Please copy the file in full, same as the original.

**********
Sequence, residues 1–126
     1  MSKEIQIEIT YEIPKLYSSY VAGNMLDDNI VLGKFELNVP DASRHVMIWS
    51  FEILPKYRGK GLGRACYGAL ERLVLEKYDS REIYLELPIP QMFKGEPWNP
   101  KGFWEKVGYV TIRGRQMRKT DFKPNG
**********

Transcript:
Sequence, residues 1–126
     1  MSKEIQIEIT YEIPKLYSSY VAGNMLDDNI VLGKFELNVP DASRHVMIWS
    51  FEILPKYRGK GLGRACYGAL ERLVLEKYDS REIYLELPIP QMFKGEPWNP
   101  KGFWEKVGYV TIRGRQMRKT DFKPNG